Feds investigating Detroit Land Bank over questionable demo contracts

Demolition crews knocked down more than 8,500 houses and buildings since January 2014.
Demolition crews knocked down more than 8,500 houses and buildings in Detroit since January 2014.

By Steve Neavling
Motor City Muckraker

Federal investigators are probing questionable contracts doled out by Mayor Mike Duggan’s demolition program over the past two years.

The Office of the Inspector General for the Troubled Asset Relief Program, or SIGTARP,  is leading the investigation into the Detroit Land Bank, a federal law enforcement official told Motor City Muckraker this morning.

The investigation comes after serious questions were raised about the rising costs of demolitions and three contractors who received a bulk of the work.

Detroit’s Auditor General’s office confirmed today it received subpoenas for records related to the demolition program, which the Free Press reported Monday.

Since Duggan took office in January 2014, Detroit has received more than $170 million from the federal Hardest Hit Fund, a TARP program, to demolish more than 8,500 homes.

A Detroit Land Bank demolition. Photos By Steve Neavling.
A Detroit Land Bank demolition. Photos By Steve Neavling.

The average cost of a house demolition over that period was $12,681, compared to under $10,000 under former Mayor Dave Bing, according to city records. The cost increased after Duggan met privately with three contractors in June 2014 to set a price for demolition work.

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The contractors were Adamo, Homrich and MCM Management, who received a combined $71.4 million of the $126.8 million spent so far. Some of that money was from other sources and includes commercial building demolitions.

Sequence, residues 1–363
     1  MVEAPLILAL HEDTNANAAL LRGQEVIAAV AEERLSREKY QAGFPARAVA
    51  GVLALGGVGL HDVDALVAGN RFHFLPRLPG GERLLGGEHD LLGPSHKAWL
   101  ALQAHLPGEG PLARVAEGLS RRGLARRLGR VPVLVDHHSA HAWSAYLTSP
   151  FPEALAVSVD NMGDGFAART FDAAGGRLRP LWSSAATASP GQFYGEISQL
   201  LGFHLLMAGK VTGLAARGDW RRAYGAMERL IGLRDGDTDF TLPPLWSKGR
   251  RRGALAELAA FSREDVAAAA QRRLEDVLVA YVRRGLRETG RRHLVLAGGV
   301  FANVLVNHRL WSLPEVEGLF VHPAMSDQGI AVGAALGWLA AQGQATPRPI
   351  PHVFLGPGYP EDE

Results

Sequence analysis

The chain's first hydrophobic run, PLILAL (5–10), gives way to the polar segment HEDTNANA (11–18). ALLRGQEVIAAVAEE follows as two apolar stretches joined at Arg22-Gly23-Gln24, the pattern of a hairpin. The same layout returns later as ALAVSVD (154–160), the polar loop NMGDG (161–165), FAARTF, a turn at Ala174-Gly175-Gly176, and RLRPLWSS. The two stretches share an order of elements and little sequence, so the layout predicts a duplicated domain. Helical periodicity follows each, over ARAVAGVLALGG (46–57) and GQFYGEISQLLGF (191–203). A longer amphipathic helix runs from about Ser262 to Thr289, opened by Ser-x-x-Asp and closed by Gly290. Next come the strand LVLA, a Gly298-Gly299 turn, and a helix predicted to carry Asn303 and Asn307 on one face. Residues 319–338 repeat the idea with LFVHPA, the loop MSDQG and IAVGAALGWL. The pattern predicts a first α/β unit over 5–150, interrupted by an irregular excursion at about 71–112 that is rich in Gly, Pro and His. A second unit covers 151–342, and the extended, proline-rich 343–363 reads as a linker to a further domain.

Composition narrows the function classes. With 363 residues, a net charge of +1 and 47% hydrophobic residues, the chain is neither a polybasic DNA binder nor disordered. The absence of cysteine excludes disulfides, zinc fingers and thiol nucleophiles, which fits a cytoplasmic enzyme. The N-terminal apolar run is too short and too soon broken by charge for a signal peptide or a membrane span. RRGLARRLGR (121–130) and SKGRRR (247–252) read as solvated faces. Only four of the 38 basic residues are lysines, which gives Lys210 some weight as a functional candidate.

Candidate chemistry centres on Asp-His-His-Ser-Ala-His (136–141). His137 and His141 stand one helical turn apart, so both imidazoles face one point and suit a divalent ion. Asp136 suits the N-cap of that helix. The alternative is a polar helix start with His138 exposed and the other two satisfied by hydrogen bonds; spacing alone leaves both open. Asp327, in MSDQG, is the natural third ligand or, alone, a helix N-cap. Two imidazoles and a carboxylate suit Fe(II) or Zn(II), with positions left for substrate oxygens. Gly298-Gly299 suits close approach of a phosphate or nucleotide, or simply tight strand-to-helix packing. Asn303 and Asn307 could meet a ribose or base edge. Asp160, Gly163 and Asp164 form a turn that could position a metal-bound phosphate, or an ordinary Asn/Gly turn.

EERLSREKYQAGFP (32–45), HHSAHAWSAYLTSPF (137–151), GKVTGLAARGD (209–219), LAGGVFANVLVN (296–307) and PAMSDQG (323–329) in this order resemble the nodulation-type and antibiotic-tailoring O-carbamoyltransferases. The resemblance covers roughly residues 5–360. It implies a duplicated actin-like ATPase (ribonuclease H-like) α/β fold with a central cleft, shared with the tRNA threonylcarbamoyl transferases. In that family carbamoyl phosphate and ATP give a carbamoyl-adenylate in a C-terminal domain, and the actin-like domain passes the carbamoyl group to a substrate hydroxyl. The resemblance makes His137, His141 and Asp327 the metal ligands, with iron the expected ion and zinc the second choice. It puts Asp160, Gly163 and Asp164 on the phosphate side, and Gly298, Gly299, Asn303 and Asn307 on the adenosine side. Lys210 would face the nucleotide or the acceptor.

Records show Adamo received $38.4 million for 2,432 demolitions. Homrich tore down 1,866 houses and buildings for $28.6 million. And MCM received $4.4 million for 334 demolitions.

City officials defended the rising costs of the demolitions, saying the work involved more environmental protections and was so unprecedented in scope that resources such as dirt and trucks were harder to come by.

Detroit Land Bank officials said they welcome the investigation.

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“Everything we do is in our website,” Land Bank Chairwoman Erica Ward Gerson told Motor City Muckraker. “We couldn’t be more transparent.”

She added: “We have no problem with (the investigation). We are going to fully cooperate.”

Gerson said the Land Bank has not been subpoenaed, and federal investigators have not revealed details of the investigation.

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Steve Neavling

Steve Neavling lives and works in Detroit as an investigative journalist. His stories have uncovered corruption, led to arrests and reforms and prompted FBI investigations.